Van Lohuizen M, Verbeek S, Krimpenfort P, Domen J, Saris C, Radaszkiewicz T, Berns A: Predisposition to lymphomagenesis in pim-1 transgenic mice: cooperation with c-myc and N-myc in murine leukemia virus-induced tumors. Cell. 1989, 56: 673-682.
van Lohuizen M, Verbeek S, Scheijen B, Wientjens E, van der Gulden H, Berns A: Identification of cooperating oncogenes in E mu-myc transgenic mice by provirus tagging. Cell. 1991, 65: 737-752.
Berns A: Tumorigenesis in transgenic mice: identification and characterization of synergizing oncogenes. J Cell Biochem. 1991, 47: 130-135.
Verbeek S, van Lohuizen M, van der Valk M, Domen J, Kraal G, Berns A: Mice bearing the E mu-myc and E mu-pim-1 transgenes develop pre-B-cell leukemia prenatally. Mol Cell Biol. 1991, 11: 1176-1179.
Kim J, Roh M, Abdulkadir SA: Pim1 promotes human prostate cancer cell tumorigenicity and c-MYC transcriptional activity. BMC Cancer. 2010, 10: 248-
Shinto Y, Morimoto M, Katsumata M, Uchida A, Aozasa K, Okamoto M, Kurosawa T, Ochi T, Greene MI, Tsujimoto Y: Moloney murine leukemia virus infection accelerates lymphomagenesis in E mu-bcl-2 transgenic mice. Oncogene. 1995, 11: 1729-1736.
Baron BW, Anastasi J, Hyjek EM, Bies J, Reddy PL, Dong J, Joseph L, Thirman MJ, Wroblewski K, Wolff L, Baron JM: PIM1 gene cooperates with human BCL6 gene to promote the development of lymphomas. Proc Natl Acad Sci U S A. 2012, 109: 5735-5739.
Blyth K, Terry A, Mackay N, Vaillant F, Bell M, Cameron ER, Neil JC, Stewart M: Runx2: a novel oncogenic effector revealed by in vivo complementation and retroviral tagging. Oncogene. 2001, 20: 295-302.
Feldman BJ, Reid TR, Cleary ML: Pim1 cooperates with E2a-Pbx1 to facilitate the progression of thymic lymphomas in transgenic mice. Oncogene. 1997, 15: 2735-2742.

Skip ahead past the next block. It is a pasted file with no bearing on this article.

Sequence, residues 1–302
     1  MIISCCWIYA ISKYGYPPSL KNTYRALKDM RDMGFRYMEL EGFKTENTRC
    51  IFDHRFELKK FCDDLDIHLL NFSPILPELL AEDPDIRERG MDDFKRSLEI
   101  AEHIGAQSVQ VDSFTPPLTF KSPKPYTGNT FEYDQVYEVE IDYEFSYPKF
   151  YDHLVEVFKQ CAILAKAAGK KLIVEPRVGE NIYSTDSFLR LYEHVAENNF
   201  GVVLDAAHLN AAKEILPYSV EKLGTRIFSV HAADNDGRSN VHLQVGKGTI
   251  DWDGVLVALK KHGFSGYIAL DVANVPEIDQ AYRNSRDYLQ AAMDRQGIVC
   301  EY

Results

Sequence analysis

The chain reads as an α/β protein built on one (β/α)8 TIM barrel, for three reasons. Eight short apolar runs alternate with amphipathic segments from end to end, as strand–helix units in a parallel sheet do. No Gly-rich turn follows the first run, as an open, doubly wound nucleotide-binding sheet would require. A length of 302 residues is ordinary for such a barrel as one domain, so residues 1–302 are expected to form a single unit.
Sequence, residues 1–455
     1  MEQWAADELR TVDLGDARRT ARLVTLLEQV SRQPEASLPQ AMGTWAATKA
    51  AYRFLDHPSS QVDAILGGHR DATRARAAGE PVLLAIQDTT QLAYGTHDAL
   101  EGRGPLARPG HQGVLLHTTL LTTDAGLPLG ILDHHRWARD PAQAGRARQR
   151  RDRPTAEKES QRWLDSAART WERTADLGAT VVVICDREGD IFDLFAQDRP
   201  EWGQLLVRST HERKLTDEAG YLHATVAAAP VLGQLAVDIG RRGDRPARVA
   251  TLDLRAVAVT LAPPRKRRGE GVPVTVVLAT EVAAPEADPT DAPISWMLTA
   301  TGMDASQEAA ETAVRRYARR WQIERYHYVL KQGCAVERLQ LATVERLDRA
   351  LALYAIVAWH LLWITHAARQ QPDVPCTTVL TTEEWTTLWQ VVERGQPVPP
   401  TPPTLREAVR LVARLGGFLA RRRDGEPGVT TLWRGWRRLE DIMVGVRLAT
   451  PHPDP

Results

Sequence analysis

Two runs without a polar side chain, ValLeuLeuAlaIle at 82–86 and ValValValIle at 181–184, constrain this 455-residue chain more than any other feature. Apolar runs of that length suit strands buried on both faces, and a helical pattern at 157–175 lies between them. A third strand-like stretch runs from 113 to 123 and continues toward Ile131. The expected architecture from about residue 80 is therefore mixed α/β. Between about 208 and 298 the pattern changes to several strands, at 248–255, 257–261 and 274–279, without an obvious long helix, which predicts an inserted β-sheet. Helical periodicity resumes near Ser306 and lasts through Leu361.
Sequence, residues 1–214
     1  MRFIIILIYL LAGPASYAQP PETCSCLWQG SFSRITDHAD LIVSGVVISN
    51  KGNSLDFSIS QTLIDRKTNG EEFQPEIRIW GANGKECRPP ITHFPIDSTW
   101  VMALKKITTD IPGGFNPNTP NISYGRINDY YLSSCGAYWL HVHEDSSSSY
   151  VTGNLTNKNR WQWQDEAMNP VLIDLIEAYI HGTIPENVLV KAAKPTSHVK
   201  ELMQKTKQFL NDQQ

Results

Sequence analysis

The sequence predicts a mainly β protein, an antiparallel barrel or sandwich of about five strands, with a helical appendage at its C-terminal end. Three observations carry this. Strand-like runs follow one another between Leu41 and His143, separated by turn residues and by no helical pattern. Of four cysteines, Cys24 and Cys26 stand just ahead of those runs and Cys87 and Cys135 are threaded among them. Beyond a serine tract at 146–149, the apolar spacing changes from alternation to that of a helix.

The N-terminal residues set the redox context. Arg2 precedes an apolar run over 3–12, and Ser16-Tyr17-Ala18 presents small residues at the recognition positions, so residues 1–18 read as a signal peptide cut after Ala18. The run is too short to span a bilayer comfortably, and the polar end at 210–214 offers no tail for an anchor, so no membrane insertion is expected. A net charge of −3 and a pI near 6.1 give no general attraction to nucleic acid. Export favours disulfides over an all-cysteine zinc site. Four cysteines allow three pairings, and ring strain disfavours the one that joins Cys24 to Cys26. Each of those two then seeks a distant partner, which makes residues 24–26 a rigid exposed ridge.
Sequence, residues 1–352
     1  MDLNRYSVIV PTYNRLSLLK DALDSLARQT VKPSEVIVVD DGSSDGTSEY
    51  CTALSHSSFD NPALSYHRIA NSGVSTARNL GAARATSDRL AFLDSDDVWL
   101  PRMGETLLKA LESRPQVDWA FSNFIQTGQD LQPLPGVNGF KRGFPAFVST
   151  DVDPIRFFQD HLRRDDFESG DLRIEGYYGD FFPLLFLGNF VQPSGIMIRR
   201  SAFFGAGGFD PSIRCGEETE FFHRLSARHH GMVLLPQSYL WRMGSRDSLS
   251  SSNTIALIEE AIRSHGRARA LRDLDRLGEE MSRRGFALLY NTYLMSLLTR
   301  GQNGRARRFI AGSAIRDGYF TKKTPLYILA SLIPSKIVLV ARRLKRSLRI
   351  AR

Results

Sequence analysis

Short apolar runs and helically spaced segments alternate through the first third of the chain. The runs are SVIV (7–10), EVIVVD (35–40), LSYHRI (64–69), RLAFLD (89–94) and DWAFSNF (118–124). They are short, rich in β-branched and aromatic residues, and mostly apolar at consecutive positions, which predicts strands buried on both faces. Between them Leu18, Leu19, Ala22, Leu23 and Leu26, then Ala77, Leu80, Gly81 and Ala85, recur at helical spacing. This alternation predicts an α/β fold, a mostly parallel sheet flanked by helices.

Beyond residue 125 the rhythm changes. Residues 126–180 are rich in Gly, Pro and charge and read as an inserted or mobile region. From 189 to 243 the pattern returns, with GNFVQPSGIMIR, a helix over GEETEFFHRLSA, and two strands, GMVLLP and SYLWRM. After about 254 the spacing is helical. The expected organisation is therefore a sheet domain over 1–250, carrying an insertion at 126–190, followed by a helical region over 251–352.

Jonkers J, Korswagen HC, Acton D, Breuer M, Berns A: Activation of a novel proto-oncogene, Frat1, contributes to progression of mouse T-cell lymphomas. EMBO J. 1997, 16: 441-450.
An N, Kraft AS, Kang Y: Abnormal hematopoietic phenotypes in Pim kinase triple knockout mice. J Hematol Oncol. 2013, 29: 6-12.
Fox CJ, Hammerman PS, Thompson CB: The Pim kinases control rapamycin-resistant T cell survival and activation. J Exp Med. 2005, 201: 259-266.
Wang Z, Bhattacharya N, Weaver M, Petersen K, Meyer M, Gapter L, Magnuson NS: Pim-1: A serine/threonine kinase with a role in cell survival, proliferation, differentiation and tumorigenesis. J Vet Sci. 2001, 2: 167-179.
Cuypers HT, Selten G, Berns A, van Kessel AH G: Assignment of the human homologue of Pim-1, a mouse gene implicated in leukemogenesis, to the pter-q12 region of chromosome 6. Hum Genet. 1986, 72: 262-265.
Aho TL, Sandholm J, Peltola KJ, Mankonen HP, Lilly M, Koskinen PJ: Pim-1 kinase promotes inactivation of the pro-apoptotic Bad protein by phosphorylating it on the Ser112 gatekeeper site. FEBS Lett. 2004, 571: 43-49.
Macdonald A, Campbell DG, Toth R, McLauchlan H, Hastie CJ, Arthur JS: Pim kinases phosphorylate multiple sites on Bad and promote 14-3-3 binding and dissociation from Bcl-XL. BMC Cell Biol. 2006, 7: 1-
Yan B, Zemskova M, Holder S, Chin V, Kraft A, Koskinen PJ, Lilly M: The PIM-2 kinase phosphorylates BAD on serine 112 and reverses BAD-induced cell death. J Biol Chem. 2003, 278: 45358-45367.
Li YY, Popivanova BK, Nagai Y, Ishikura H, Fujii C, Mukaida N: Pim-3, a proto-oncogene with serine/ threonine kinase activity, is aberrantly expressed in human pancreatic cancer and phosphorylates bad to block bad-mediated apoptosis in human pancreatic cancer cell lines. Cancer Res. 2006, 66: 6741-6747.
Gu JJ, Wang Z, Reeves R, Magnuson NS: PIM1 phosphorylates and negatively regulates ASK1-mediated apoptosis. Oncogene. 2009, 28: 4261-4271.